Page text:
Perfect Parisian style revisited
The artiste was originally known by his full name, Monsieur Henri Donat Mathieu-Yves-Saint-Laurent.
Now, he is known as both a three-letter logo on pricey lipsticks and, to costume historians, the architect of a total revolution in women’s clothing.
On this occasion, the visionary behind le smoking (the “women’s tuxedo”), safari jackets and see-through chiffon, has received a massive summer 2010 retrospective at the Petit Palais.
The point is that everything, from the staid venue to the exposition’s wealth of different media, which includes audio, video, tableaux and photographs, is there to remind visitors of remind the viewer of Saint Laurent’s many “firsts”. Among three hundred stunning examples of his haute couture are many innovations pillaged by later designers: the conical breasts reprised by Jean-Paul Gaultier, the metal body moulds over silk used by Issey Miyake and elaborate, theatrical “theme” collections that became the turf of Lacroix, Galliano and McQueen.
Two things typify YSL. One, Saint-Laurent proved brilliant at merging traditional structures of masculine power (suits, uniforms, trousers) with tailoring’s most feminine tools of seduction. Two, from the mid-60’s through the mid-70’s, he also excelled at capturing the moment of Warhol, disco and drugs. Even though he was using the least likely of vehicles, haute couture and ready-to-wear.
His signature is a silhouette that, while long and slim, holds plenty of force in its poise. What became YSL’s trademark shoulder started with a quotation of Coco Chanel’s narrow, high armhole. However, where she had used this trick to create leaner lines, YSL turned it into a fully androgynous show of power. His wider, sharper shoulders were created in partnership with Jean-Pierre Debord, a master technician who worked under him for thirty-eight years.
The exhibition’s lynchpin is the infamous 1971 ‘Scandale’ collection. Its platform heels, tall velvet turbans and louche, low-cut dresses foresaw the high-street vogue for 1940’s retro. However, it also flaunted tarty allusions to the French Occupation. At that time, deprived of hairdressers, Parisiennes had made use of turbans while forced to wear souliers compensés – shoes with high, crude wooden soles. The fury this cheeky collection unleashed is fully revisited in the show, via blown-up copies of its uniformly hostile reviews. Yet the clothes sent a signal Saint Laurent would take fashion wherever he wanted.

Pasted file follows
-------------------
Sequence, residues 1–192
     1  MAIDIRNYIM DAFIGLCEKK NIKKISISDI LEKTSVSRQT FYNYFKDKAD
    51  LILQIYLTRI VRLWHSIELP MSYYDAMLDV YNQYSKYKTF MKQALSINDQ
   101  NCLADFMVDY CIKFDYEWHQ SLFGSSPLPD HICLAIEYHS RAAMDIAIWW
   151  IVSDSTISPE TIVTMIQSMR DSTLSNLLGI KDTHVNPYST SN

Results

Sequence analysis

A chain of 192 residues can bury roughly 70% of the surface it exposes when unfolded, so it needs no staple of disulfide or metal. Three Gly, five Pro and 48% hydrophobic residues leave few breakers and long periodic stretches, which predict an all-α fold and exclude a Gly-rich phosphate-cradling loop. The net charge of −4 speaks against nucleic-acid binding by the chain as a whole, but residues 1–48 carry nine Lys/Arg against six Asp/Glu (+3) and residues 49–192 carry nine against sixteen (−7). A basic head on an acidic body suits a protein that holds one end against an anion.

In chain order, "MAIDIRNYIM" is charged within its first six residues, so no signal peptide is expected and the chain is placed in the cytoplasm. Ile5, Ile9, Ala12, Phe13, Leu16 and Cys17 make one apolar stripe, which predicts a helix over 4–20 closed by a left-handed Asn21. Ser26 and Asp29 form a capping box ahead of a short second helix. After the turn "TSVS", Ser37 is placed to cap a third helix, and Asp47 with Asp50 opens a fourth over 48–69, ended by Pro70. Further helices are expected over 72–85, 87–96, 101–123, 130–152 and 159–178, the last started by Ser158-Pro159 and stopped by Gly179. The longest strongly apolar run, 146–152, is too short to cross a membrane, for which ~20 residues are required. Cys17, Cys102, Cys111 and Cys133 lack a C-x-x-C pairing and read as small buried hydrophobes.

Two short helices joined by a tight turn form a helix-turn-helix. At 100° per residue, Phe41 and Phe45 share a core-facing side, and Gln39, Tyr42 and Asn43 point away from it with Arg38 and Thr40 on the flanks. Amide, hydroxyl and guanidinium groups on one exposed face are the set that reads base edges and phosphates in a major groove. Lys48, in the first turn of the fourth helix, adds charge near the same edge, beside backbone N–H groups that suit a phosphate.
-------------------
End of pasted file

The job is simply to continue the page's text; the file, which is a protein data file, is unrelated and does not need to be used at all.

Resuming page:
About that Parisian “tell-all” book...Despite claims by the new bio Saint-Laurent mauvais garcon, YSL’s breakdowns, depressions and addictions have long been common knowledge. What shocked Parisians about this? Not its allegations of rough sex, hard drugs or bad tempers. It is author Marie-Dominique Lelièvre’s thesis that couture has never been art – that while an artist reinvents our world, a couturier “only dresses it.”
What the book can’t contradict is the image nurtured carefully throughout Saint-Laurent’s career by the constant work of YSL and his lover, business boss and heir Pierre Bergé. The image they sought was never one of just ‘an artist’, but of a singular artist who was quintessentially French. Saint-Laurent’s lifelong, insistent focus on Proust, on opera, on French visual art, all abundantly visible throughout the exposition, helped YSL turn himself into the perfect Parisian.
With this exhibit, suggested by Paris Mayor Betrand Delanoë and “patronized” by former YSL model Carla Bruni-Sarkozy, the city confirms that status. It is further enhanced by L’Amour Fou, the touching movie that followed; it detailed Bergé’s decision to auction the couple’s entire collection of art, antiques and furniture.